make an origami kimono from beautiful dyed...
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Shibori KimonoMake an origami kimono from beautiful dyed papers! (art + social studies)Shibori is the Japanese term for dyeing fabrics that have first been shaped into three-dimensional forms. The word originates from to wring, squeeze, or press. Material is either folded, crumpled, stitched, twisted, sewn, or knotted, and then dyed. In the West, a similar process is called tye-die. Often a combination of techniques are applied to the same piece of fabric before dyeing. The piece can then be dyed multiple times, resulting in extremely intricate patterns. Shibori methods are often used on fabric to make a kimono. In fact, a single complex kimono can take as long as two years to complete.
The kimono is the traditional clothing of Japan. Kimono styles have changed significantly from one period of Japan's history to another, and today there are many different types of kimono worn by men, women, and children. The cut, color, fabric, and decorations of a kimono may vary according to the sex, age, and marital status of the wearer, the season of the year, and the occasion for which the kimono is being worn.
This project begins by experimenting with shibori paper-dyeing techniques on traditional rice papers, and concludes with students sharing their papers and folding simple origami kimonos. The result combines a stunning piece of art with a cultural lesson.
GRADES 3-12 Note: Instructions and materials are based upon a class size of 24 students. Adjust as needed.
1. Study a brief history of the kimono and look at various types of kimonos.
2. Provide slightly diluted liquid watercolors in containers across the classroom. Cover tables.
Materials (required)Kinwashi Paper, 25" x 37" (10414-1005); share one sheet between two students
Blick Liquid Watercolors, 8 oz (00369-); share at least four non-metallic colors across class
Fiskars Recycled Scissors, Bent, 8 (57097-1108); share five pairs across class
Elmers Tacky Glue, 8 oz (23883-1008); share three bottles across class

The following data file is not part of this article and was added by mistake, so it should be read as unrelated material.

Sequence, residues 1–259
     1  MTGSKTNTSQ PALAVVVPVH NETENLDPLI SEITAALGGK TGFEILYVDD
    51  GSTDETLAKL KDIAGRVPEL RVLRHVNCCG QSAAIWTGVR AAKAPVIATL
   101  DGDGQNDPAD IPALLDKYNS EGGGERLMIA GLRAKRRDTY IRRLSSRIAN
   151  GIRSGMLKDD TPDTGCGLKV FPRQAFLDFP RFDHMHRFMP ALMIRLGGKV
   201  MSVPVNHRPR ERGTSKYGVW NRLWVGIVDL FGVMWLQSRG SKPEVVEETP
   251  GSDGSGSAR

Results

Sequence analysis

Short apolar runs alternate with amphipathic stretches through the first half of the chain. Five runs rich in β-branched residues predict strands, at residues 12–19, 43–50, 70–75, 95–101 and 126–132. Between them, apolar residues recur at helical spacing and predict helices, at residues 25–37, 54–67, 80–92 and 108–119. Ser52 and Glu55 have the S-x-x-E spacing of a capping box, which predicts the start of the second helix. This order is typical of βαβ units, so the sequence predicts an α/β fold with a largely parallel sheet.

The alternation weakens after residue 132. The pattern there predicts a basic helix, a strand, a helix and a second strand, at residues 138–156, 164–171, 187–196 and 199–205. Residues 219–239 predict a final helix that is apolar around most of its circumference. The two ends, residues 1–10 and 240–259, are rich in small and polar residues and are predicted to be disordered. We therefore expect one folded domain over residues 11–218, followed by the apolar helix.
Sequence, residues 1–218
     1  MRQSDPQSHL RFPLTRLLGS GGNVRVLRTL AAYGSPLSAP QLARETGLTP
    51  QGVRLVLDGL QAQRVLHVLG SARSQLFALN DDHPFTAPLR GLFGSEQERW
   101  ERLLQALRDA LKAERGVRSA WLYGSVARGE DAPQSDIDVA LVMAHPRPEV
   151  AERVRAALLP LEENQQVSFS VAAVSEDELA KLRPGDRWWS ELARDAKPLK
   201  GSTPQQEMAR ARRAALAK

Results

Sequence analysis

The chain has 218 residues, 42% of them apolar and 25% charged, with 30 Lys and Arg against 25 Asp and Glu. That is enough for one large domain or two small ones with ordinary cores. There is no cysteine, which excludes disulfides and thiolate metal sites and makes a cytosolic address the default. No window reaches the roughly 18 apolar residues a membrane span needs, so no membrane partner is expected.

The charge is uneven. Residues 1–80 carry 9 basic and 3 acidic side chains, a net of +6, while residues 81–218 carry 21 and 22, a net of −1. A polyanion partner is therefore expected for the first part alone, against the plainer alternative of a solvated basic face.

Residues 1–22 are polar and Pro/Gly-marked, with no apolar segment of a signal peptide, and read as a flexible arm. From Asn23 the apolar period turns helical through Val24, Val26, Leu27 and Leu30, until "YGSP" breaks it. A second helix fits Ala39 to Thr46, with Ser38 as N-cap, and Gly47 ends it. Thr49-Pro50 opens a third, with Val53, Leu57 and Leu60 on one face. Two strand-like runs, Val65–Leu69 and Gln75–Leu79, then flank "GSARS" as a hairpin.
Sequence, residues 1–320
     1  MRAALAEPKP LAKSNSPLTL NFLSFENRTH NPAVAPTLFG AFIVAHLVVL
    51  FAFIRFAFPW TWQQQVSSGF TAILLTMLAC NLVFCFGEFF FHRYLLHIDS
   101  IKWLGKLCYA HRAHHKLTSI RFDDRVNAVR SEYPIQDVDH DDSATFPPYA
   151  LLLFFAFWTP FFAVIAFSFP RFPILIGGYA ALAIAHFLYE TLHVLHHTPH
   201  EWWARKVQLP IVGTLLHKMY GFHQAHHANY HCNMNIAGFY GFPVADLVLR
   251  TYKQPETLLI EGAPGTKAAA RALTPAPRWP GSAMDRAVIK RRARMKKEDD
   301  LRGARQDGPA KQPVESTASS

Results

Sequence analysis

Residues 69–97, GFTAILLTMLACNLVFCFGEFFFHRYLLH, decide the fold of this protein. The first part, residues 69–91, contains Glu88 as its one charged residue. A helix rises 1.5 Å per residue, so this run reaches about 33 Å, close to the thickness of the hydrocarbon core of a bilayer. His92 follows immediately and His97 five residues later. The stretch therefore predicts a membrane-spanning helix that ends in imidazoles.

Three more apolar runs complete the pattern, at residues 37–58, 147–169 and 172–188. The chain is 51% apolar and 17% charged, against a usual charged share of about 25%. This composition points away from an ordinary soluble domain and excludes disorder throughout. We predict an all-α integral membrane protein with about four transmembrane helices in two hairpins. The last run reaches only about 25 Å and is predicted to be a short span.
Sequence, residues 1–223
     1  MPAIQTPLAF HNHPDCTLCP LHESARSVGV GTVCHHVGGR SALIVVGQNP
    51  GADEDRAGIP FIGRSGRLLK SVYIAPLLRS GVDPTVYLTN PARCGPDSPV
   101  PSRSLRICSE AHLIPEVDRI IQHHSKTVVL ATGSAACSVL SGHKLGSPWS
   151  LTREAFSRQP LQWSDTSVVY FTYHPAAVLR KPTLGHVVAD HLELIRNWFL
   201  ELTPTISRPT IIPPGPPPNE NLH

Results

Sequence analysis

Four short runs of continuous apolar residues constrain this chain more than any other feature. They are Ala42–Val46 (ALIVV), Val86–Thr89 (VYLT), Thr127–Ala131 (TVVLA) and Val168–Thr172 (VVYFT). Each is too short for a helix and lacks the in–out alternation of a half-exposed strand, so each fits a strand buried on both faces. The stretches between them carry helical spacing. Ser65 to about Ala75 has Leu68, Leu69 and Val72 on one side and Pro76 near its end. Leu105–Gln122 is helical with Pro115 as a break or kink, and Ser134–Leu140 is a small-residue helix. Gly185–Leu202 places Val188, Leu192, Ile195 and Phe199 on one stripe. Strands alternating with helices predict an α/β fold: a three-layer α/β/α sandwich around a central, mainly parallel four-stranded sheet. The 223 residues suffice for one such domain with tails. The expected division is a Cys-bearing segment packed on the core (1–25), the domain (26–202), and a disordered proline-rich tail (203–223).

White Masa Paper (10409-1003)
Aitoh Boku-Undo Suminagashi Marbling Kit (01309-1009)
Amaco Clay Texture Rollers (30704-)
Alvin Cardboard Mailing Tube, 4" x 25" (03271-4525)
Gutermann Cotton Thread, 876 yd Spool (66910-)
Sargent Art Liquid Metal Acrylics (00730-)
Crescent Decorative Matboard, Grays and Blacks, 32" x 40"(13007-); need a half sheet per student
Copyright 2014 Dick Blick Art Materials
All rights reserved
Process Paper Embellishment
Blot-dyeing technique: (suited for younger students)
Kinwashi paper is best for this technique. Machine-made from short, thick manila fibers, it's smooth on one side and textured with bark inclusions on the other side. Cut each sheet in half to make two kimonos.
1. Begin by folding the sheet of paper into accordion folds approximately 4 wide, folding down from top to bottom to make one long folded strip. Next, fold the strip into triangles. Beginning at one end, fold the left tip of the strip up to meet the top edge. Fold the resulting triangle to the right. Keep folding the triangle to the right, alternating from the top and bottom of the strip until the entire strip has been folded into a triangle.
2. The folded triangle can now be blot-dyed by dipping the corners into various containers of liquid watercolor diluted with water. Experiment with overlapping of colors by dipping the point of the triangle deeply into one color, and then just dye the very tip in another color.
3. Unfold the paper to reveal the masterpiece and lay flat to dry.
1. Begin by taping a piece of paper around a large cardboard tube, or piece of PVC pipe that is approximately 4" in diameter. Do not allow the paper to overlap. Wrap thread or yarn around the paper many times, about 1/2" apart. Tie. With slightly wet hands, scrunch the paper on the tube from the top and the bottom until it is very compressed and at least 1/3 of its original length. Tip: Wrap plastic wrap over the tube and under the paper to allow paper to move more freely.